Bringing a college education to students in refugee camps has the potential to change the world — and might just revolutionize higher education in the United States.
After a decade teaching special education in the Bronx and leading a middle school in Harlem, Chrystina Russell moved to Rwanda in 2013 to work for a program that helps students work through Southern New Hampshire University’s online degree.
With Russell’s vision, the program has become the Global Education Movement, and brings SNHU degrees to people in refugee camps in Africa and the Middle East, with new programs popping up around the world.
Russell got the idea to bring SNHU degrees to refugees when she started volunteering at the Kiziba refugee camp in Rwanda. She met bright young people hungry for education, but who had few opportunities.
In some ways, Russell said, the young people she met in the camp were like her students in Harlem and the Bronx.
“Something that brought me back to my New York City principal years was all that potential that was not being harnessed, and not having an opportunity to flourish,” she said.
With university president Paul LeBlanc’s blessing, Russell set about starting up a college program in the refugee camp.
Local “coaches” help students navigate the online courses, and students work with a cohort of other learners working on the same degrees. Then, the program connects students with internships and jobs.
Russell said the students themselves were key to starting the program.
“The amazing thing about the students was they wanted it to happen so much,” Russell said. The motivation factor is just off-the-charts. Our students understand this is it, this is the opportunity.”
One of those students is Julia Nduta Oduol, a Kenyan student living in a refugee camp in Cape Town, South Africa. Nduta Oduol finished her associate's degree while working full-time, and is now pursuing her bachelor's degree in management through the Global Education Movement. The program gave her skills she uses in her work, she said, and hope for the future.
"It helped me realize that there is hope, regardless of the harsh conditions surrounding refugees in Cape Town," she wrote in an email.
Students admitted to the program can earn one of three bachelor’s degrees in business and management, or a general-studies associate’s degree. With degrees, Russell said, refugees can become more empowered.
“We’re hoping to make refugees a part of the solution rather than passive recipients of policy,” Russell said. “We’re trying to create leaders with the credentials needed to solve the issues.”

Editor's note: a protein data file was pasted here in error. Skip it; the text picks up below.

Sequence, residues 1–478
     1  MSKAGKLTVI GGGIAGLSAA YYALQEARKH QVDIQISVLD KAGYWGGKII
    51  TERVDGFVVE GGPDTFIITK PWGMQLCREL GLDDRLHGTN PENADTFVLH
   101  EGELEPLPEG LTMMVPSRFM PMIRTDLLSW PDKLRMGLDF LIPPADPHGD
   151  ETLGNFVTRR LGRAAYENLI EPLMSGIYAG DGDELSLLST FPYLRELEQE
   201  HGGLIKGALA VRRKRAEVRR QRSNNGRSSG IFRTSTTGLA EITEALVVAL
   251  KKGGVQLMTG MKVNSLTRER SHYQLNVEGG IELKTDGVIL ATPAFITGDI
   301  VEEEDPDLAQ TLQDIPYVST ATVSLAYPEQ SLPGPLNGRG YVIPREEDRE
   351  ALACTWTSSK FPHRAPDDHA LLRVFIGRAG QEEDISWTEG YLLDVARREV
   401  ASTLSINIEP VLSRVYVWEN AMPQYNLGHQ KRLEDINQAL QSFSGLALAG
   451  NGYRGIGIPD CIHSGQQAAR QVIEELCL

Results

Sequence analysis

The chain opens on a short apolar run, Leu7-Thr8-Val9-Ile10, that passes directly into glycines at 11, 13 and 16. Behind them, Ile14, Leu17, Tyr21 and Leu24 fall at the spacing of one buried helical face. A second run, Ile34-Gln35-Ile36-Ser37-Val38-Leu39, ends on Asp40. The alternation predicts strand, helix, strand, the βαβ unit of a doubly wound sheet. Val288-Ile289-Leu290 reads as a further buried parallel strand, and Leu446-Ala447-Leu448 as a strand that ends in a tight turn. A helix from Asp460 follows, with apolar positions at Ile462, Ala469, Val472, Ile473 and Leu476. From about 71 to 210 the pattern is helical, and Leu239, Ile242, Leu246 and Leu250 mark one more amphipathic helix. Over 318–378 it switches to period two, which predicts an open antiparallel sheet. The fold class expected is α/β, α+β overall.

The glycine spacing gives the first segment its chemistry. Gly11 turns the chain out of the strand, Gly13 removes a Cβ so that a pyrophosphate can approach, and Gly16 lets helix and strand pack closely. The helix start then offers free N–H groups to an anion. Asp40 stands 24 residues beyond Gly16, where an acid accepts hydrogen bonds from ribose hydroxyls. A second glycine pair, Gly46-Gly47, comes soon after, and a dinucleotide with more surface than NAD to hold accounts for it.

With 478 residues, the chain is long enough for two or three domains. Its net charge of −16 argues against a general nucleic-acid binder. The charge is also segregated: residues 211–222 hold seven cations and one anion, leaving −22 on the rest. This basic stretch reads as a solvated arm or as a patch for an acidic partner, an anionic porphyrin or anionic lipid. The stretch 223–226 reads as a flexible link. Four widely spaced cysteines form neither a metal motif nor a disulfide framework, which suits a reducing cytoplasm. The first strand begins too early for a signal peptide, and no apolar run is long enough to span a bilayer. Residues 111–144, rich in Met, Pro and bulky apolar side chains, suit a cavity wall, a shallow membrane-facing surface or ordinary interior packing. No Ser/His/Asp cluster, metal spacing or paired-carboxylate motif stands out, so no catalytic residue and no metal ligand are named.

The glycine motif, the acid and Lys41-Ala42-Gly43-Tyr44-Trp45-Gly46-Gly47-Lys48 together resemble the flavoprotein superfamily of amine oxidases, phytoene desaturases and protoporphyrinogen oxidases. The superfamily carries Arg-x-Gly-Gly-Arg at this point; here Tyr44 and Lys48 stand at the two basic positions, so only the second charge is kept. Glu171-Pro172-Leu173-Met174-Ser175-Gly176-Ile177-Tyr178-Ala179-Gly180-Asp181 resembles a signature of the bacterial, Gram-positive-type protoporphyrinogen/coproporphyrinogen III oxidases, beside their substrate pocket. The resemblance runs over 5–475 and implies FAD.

It’s that idea that has led Russell to push for the program to expand to more sites, rather than scale up existing programs, she said. In 2018, she worked to open college programs for refugees in South Africa, Malawi, Kenya and Lebanon.
Graduates with SNHU degrees are using what they learned to improve their communities, Russell said. Some are using new tech skills to create phone applications to solve problems in refugee camps, like an app that allows refugees to make appointments, rather than spending hours waiting in line.
One student started a primary school in Malawi. Many students go on to work with humanitarian organizations such as the United States Agency for International Development — positions they are uniquely qualified to hold, but where someone without a college degree might have been passed over. Some are even hired on at Global Education Movement sites.
Kevin Niragire, 24, is a refugee from the Democratic Republic of Congo living in the Kiziba camp. He knew higher education could change his life, and make life better for his family, he said. After earning his bachelor's degree through the SNHU program in July, Niragire got a job with the program. The degree gave him the skills he needed to do his job, he said.
"My life will not remain the same," Niragire said.
In addition to coursework and coaches, the program provides a laptop for every student, and convenes parent advisory committees — like the groups that advise grade schools in the United States, Russell said.
The parent groups have been key to solving unique local problems: For example, Russell said, in one location where students stay in a classroom building late to study, parents arrange to walk students home after dark.
That collaborative problem-solving, Russell said, has been key to the program’s success.
“The solution does not come from one place,” she said. “It comes from the whole group.”
Russell said she thinks the Global Education Movement model — working through the online degree with the help of a coach — could be brought back to the United States.
“I think the model has so much promise to learners in the U.S. who are facing difficult life circumstances,” she said.
“The idea of online faculty combined with in-person coaches has a lot of promise,” Russell said, particularly paired with SNHU’s “competency-based” online degree. Rather than sitting through a certain number of hours of class, students complete a series of projects at their own paces.
The program is working, she said, as long as it serves students as well as or better than a traditional university.
“We’ll continue to make sure we’re looking at our results,” Russell said.